Conflict in Romantic Fiction: Getting to the heart of what makes your couples tick

By Julia Williams, Editor

"The path of true love never did run smooth…"

As you're putting the finishing touches to your entry for this year's So You Think You Can Write, I'm sure you've given a lot of attention to that all important staple of romantic fiction: conflict.

Think Benedick and Beatrice, Rhett Butler and Scarlett O Hara, Elizabeth and Mr. Darcy . No self -respecting fictional lovers ever get it on without the odd argument. TV couples are at it too:Carrie and Mr. Big, Rachel and Ross all had us hooked with their on again, off again love affairs. Even real life couples fascinate us, from Liz Taylor and Richard Burton, to Beyonce and Jay Z, we love to see the sparky dynamic of a passionate couple.

Conflict is at the heart of all great romantic fiction. It keeps the tension going and the reader hooked. We want our hero and heroine to reach their happy ever after, but we don't want our lovers coming together without a few problems along the way. After all if they fall in love on page one you haven't got much of a story!

There are two types of conflict which you can use as a writer: internal and external.

Internal conflict is the inner obstacles your hero and heroines have to overcome before they can be together, whilst external conflicts come from events beyond their control. Both are useful devices to keep your couple apart, and your readers desperate for that happy ending!

Internal conflict comes from within your characters: it can be caused by past problems such as a partner who has betrayed them, or a rocky divorce, making them wary of a new love. Marrying that with an external conflict — like a vengeful ex, or a secret child one half of the couple knows nothing about — and you have set up obstacles which they must overcome before true love wins the day.

So in your own writing, think about what makes your couple tick.

What has happened in their pasts, to prevent them coming together in the present? What outside influences can work on them to stop them being together?

It's important to make sure that the dilemmas you give them are believable and feel true for your characters. For example, if your hero has a job offer he can't refuse pulling him apart from the heroine, weave that particular ambition into the story from the beginning so it seems like a real and credible reason for him leaving her. If the heroine has a family tie that means she can't be with him (a widowed mother who she feels she can't leave, maybe), make sure that situation is already set up, so that their problem seems insurmountable until perhaps the mother gives the heroine her blessing.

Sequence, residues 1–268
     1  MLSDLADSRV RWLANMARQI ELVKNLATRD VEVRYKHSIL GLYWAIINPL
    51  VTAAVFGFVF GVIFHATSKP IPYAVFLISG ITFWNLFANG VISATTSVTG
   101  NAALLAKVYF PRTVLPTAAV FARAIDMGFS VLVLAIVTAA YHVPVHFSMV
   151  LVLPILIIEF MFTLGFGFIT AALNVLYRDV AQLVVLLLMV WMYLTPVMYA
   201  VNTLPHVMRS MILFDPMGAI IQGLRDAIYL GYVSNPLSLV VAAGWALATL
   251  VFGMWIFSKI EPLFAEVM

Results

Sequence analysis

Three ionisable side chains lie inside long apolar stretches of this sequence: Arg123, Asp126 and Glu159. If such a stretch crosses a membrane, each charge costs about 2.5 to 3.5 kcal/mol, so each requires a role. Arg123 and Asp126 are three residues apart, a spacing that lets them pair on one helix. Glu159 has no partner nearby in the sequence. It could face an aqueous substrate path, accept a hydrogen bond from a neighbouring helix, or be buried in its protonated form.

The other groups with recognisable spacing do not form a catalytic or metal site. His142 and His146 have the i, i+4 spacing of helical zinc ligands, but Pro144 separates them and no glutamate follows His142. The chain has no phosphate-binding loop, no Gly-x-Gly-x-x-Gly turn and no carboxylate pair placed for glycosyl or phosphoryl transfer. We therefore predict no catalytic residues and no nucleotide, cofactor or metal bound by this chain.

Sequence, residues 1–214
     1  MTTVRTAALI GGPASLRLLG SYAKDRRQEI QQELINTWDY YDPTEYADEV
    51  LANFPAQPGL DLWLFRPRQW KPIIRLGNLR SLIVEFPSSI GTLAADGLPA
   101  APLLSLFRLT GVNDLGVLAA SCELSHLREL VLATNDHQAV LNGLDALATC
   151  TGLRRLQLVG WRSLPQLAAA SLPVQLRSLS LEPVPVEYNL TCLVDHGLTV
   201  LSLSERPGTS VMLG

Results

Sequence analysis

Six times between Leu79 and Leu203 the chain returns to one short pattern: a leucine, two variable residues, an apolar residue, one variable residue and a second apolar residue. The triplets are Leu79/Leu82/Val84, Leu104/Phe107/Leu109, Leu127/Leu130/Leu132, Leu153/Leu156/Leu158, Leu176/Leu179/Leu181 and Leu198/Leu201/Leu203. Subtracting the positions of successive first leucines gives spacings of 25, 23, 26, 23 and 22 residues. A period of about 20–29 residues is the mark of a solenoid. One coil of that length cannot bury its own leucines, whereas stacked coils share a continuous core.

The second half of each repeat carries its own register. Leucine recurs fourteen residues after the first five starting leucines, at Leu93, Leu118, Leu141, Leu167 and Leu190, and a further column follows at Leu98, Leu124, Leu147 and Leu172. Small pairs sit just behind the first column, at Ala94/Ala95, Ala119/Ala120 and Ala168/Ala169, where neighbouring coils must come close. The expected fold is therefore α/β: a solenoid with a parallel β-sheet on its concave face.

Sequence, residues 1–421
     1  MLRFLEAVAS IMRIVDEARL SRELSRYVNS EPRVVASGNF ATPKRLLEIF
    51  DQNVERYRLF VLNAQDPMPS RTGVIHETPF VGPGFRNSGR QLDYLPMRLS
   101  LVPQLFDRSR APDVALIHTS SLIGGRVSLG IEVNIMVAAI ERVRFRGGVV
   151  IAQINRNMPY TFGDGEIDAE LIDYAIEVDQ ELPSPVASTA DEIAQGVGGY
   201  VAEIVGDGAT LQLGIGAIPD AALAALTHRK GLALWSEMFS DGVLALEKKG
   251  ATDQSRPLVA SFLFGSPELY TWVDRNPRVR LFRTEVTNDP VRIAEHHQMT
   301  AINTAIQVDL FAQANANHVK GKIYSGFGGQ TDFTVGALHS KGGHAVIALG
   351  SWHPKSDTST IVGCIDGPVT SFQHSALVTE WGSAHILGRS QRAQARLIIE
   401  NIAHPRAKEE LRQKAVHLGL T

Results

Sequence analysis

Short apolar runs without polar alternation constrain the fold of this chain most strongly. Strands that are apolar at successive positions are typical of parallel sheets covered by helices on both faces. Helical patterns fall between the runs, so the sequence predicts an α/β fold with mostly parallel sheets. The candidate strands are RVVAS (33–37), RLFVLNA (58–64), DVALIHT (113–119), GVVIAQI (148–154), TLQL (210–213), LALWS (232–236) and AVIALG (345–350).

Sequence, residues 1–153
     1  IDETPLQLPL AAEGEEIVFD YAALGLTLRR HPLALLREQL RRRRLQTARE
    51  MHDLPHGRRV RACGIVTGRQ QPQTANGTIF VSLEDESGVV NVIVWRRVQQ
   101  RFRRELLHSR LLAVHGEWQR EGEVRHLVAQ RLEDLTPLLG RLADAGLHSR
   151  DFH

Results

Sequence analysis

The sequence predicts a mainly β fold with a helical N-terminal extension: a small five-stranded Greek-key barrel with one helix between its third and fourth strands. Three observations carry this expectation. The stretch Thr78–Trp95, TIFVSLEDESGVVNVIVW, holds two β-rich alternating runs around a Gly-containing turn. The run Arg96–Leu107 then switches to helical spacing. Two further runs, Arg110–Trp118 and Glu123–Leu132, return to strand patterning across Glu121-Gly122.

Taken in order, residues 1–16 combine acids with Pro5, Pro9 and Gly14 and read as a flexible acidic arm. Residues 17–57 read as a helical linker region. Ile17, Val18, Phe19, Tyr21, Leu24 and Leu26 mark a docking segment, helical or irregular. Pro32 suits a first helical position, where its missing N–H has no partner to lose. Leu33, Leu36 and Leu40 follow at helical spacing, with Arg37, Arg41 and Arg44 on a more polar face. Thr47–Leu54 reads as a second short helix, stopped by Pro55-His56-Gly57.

In a situation like that your couple can make mistakes that drive them apart, or misunderstand one another. Jane Austen does it brilliantly in Pride and Prejudice, when Mr. Darcy proposes to Elizabeth so clumsily she says no. His pride thinks she can't refuse him, while her prejudices are confirmed as he insults her whole family in the process!

What kind of conflicts can you give your characters to make them fight for their happy ever after? And how are you going to resolve those issues so they get the ending they (and your readers!) deserve?

Do let us know: we'd love to hear from you!

And best of luck!

8 replies on “Conflict in Romantic Fiction: Getting to the heart of what makes your couples tick”

I guess since the internal conflict has to arise out of the characters themselves, I have to have fully realised characters, which means I need to go back and work on those a little more. External conflict seems to overlap with Laurie Johnson’s post yesterday in that it is so easy to slip into cliche or contrivance when the pace slows down, just to get things moving again (I am already looking forward to the upcoming blog on plotting to help me with that). This writing business is so darn hard … thanks for helping me to turn the spotlight onto what I do to try and make it better. Is there anyone else out there struggling, or am I alone in this?

@Sherry – No I don’t believe you are alone. Writing is very hard but we both must love it or else we wouldn’t be here right? I know I LOVE it and just like any h/h’s HEA – great loves have to be fought for 🙂 – Best of luck for the Contest!

Thanks, Eliana. Good luck to you, too. This is the only competition I’ve ever entered where the atmosphere is so nurturing that I wish we could all win!

Writing is difficult, it’s a daily task, as much as any real job. I feel sometimes, if my writing on a character feels long, and drawn out in the middle of a conflict: then I am not writing true to the character. I get bogged down, with not enough detail to the surroundings, and spend more time with the characters in conflict. I also love Pride and Prejudice! The book and movie are very good indeed!

Ah yes, indeed, writing is difficult. A lying husband addicted to drugs, alcohol and women twists a young and naïve heroine’s innocence and pampered life into blatant misery. Crushed and disappointed, drowning becomes a reality until she wakes in the arms of a handsome stranger. He is everything her husband is not, but she is unaware of the dire consequences that will forever change her.

I stumbled across the site by accident. Honestly I can’t even remember how I got here! Ok I remember, I came across the word panther in an article and trying to read up on that word as it relates to writing landed me here.

But am I happy with my accidental discovery? I think I was blown away! I

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